Some have been camping for years; others have just arrived. El Cable and Las Chapas beaches were the first to be occupied by homeless campers, but now other stretches of Marbella's coastline have become “home” to people whose lives have taken a turn for the worse.
“This is our home,” say two of them, inviting us into their camp, in which two sunbeds and a mattress have been made into an improvised bed. Spread around the stark space are all types of objects that have been picked up from the street, and personal possessions from better times. After all, their lives have not always been like this.
They say their names are Verónica and Estefan. She worked in industrial laundries when she came to Spain 20 years ago, from a country at war to which she refuses to return. “Return, where? A tank knocked my house down,” she says.
Estefan, her partner, also came to Spain when the economy was booming several years ago, and had no difficulty finding work when he arrived: maintenance, electrical work and even as a packer in the factory. When the crisis hit, everything went wrong. They met a few years ago, in Marbella, and their journey eventually ended on El Cable beach.
What do they live on? Estefan says he currently receives a pension “of about 400 euros a month, but it'll only be for 11 months. It's not much for two people. Where can we go, with that money? And when the 11 months are up, what then?” he asks.
They are dreading the onset of bad weather and, especially, the rain. Despite everything, though, they are not planning to leave the area. “Where would we go? Out to sea?” they say.
They tell us that a few weeks ago they received a visit from the Local Police. “They came with a lorry, to take everything away, but this is all we have,” says Verónica. “They went there, too,” she says, pointing east.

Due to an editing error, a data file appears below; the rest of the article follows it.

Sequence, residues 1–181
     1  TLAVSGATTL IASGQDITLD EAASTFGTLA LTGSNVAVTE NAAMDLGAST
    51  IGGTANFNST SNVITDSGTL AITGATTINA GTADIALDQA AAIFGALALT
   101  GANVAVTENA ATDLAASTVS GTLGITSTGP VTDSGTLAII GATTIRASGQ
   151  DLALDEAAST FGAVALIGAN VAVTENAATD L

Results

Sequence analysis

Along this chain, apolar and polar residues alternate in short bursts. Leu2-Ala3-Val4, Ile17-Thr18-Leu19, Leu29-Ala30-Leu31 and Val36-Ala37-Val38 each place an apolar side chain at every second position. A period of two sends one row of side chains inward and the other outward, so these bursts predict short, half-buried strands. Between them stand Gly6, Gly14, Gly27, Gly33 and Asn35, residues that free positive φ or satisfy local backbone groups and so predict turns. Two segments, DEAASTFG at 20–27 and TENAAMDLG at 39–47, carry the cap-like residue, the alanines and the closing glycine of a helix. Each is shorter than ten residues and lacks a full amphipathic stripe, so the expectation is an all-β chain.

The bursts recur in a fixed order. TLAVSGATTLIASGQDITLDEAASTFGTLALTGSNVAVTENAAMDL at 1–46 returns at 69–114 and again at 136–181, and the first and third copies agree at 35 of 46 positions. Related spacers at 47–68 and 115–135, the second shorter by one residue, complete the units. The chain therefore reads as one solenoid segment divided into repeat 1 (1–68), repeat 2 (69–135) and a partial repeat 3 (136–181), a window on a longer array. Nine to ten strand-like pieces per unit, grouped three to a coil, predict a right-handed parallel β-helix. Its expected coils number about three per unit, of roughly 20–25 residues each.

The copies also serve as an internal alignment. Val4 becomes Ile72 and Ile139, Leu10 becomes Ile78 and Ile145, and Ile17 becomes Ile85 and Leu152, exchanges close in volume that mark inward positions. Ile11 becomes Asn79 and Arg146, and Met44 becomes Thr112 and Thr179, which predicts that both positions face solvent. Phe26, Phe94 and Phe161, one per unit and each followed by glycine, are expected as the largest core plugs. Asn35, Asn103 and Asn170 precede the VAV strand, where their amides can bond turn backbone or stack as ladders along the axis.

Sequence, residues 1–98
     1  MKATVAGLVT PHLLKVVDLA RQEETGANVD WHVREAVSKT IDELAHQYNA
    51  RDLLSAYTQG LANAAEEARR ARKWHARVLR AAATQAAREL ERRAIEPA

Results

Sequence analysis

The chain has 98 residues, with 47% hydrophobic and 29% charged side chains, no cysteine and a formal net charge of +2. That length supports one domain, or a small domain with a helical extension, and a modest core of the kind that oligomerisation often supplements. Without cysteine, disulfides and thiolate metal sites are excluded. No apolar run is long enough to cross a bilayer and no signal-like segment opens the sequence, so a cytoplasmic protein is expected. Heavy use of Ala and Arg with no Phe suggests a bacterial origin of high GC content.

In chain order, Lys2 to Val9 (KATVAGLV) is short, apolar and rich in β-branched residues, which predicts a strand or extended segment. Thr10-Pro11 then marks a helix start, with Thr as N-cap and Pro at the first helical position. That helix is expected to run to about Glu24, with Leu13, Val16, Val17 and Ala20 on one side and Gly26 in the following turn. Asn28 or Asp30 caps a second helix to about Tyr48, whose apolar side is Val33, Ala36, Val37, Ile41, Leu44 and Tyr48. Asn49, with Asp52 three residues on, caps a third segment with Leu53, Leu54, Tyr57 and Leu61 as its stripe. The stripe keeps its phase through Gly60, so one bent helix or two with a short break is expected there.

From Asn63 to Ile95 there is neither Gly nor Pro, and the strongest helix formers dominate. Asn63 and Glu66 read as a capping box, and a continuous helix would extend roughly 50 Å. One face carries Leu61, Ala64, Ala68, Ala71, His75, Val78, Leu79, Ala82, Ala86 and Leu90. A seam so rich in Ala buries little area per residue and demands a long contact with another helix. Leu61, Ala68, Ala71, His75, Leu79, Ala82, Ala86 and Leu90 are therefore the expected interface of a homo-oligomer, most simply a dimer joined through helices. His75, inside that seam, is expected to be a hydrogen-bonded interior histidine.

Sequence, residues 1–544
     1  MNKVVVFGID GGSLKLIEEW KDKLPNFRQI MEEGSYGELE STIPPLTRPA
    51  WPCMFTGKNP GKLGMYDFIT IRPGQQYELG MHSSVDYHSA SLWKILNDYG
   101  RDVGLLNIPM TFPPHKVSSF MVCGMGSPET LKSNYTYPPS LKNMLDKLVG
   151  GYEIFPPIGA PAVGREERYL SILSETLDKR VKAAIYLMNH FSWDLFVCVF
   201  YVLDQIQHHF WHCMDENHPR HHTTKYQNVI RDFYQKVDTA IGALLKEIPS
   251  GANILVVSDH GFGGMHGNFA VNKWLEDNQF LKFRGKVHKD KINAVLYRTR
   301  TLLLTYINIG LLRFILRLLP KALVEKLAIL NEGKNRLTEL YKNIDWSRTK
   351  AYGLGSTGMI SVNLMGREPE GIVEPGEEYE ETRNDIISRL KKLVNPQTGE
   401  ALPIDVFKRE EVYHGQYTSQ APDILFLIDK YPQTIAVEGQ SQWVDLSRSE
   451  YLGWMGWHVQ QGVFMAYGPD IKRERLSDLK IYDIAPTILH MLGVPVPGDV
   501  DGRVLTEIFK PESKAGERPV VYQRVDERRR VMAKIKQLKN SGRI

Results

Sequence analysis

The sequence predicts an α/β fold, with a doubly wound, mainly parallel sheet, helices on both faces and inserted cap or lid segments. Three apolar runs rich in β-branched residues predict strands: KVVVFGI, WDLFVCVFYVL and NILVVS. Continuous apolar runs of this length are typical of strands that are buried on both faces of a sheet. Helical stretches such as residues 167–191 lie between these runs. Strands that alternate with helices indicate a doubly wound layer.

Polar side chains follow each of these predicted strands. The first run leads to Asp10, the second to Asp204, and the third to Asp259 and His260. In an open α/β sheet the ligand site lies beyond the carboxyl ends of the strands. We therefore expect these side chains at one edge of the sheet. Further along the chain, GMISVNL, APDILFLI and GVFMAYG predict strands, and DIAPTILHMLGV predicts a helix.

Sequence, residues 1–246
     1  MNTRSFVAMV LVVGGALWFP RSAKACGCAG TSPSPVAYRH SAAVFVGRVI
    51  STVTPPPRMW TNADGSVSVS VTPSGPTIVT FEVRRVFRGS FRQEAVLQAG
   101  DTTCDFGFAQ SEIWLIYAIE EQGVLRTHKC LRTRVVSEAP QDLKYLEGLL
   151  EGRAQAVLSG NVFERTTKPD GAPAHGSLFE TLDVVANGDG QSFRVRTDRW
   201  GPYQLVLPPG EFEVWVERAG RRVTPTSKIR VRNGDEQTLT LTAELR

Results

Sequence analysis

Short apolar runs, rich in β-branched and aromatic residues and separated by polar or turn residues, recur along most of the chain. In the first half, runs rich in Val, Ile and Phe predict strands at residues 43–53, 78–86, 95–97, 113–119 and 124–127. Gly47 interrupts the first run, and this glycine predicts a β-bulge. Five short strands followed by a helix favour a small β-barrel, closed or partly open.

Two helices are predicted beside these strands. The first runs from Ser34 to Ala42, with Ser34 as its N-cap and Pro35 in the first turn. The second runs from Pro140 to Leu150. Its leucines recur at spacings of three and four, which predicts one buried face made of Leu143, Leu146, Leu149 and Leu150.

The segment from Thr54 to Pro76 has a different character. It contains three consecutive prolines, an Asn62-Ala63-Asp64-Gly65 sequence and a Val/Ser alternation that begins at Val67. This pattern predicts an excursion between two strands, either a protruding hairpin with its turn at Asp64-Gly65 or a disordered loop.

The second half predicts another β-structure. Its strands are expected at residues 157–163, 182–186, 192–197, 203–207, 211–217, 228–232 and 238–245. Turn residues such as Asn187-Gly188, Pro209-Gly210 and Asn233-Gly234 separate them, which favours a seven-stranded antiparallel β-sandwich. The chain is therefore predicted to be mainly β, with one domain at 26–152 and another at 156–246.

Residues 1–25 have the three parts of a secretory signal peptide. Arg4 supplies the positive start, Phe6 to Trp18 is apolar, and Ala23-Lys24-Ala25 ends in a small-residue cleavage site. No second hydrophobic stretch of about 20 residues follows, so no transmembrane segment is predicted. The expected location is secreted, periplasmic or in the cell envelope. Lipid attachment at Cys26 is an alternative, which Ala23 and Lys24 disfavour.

She refers to a second camp whose occupants, Caterina and her husband, say they have been there for four years. They are sitting on beach chairs, with a view of a luxury 'chiringuito' bar-restaurant, which opened a few months ago and is only metres away from their makeshift home. In the background you can hear the lively music played to entertain clients sunbathing on the Balinese beds.
A tree offers some shelter, and they have tents held down with ropes. Like their neighbours, they are worried about the rain. “This year we have already had an invasion of spiders, then another one of flies, and now the rain is coming,” they say.
Their problems increase with the autumn. The nights seem endless. They take turns to sleep, because they don't trust anyone.
“He sleeps first and I stay in the chair for a few hours, and then we swap,” explains Caterina. “People come here to steal,” she says.
“Recently people have been coming here to cause trouble,” says her husband, referring to fights which have occurred in the area.
Thanks to Cruz Roja, the Spanish Red Cross, there is enough food for a week on their small beach table. Sometimes they are also able to go and eat at the day centre for the elderly at the bullring. Today, though, Caterina's husband has been able to buy something with money he earned from selling scrap metal.
“I work legally. I have my invoices and I show them to the police,” he insists. A few weeks ago there was an attempt to evict them. “This is our home. We are on the population register at the town hall,” they insist.
That is the paradoxical situation the police encountered: the couple have been officially registered as living on the beach for the past two years. They gave their address as 'El Cable beach, number 1.'
The 'padrón' does not just prove that somebody lives in the municipality; it is also essential in order to access certain rights, such as assistance from the local authorities. In fact the local social services department helps people join, because a law states that people can register even if they lack proper housing.